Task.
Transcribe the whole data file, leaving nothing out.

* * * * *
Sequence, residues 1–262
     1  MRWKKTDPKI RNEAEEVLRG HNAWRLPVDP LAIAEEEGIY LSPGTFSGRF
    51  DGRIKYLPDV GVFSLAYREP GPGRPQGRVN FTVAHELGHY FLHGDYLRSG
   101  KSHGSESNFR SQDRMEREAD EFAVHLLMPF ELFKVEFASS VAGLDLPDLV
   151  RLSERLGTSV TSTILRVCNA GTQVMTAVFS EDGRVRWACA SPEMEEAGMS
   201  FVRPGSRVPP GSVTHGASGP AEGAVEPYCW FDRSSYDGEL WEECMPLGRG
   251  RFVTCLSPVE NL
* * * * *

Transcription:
Sequence, residues 1–262
     1  MRWKKTDPKI RNEAEEVLRG HNAWRLPVDP LAIAEEEGIY LSPGTFSGRF
    51  DGRIKYLPDV GVFSLAYREP GPGRPQGRVN FTVAHELGHY FLHGDYLRSG
   101  KSHGSESNFR SQDRMEREAD EFAVHLLMPF ELFKVEFASS VAGLDLPDLV
   151  RLSERLGTSV TSTILRVCNA GTQVMTAVFS EDGRVRWACA SPEMEEAGMS
   201  FVRPGSRVPP GSVTHGASGP AEGAVEPYCW FDRSSYDGEL WEECMPLGRG
   251  RFVTCLSPVE NL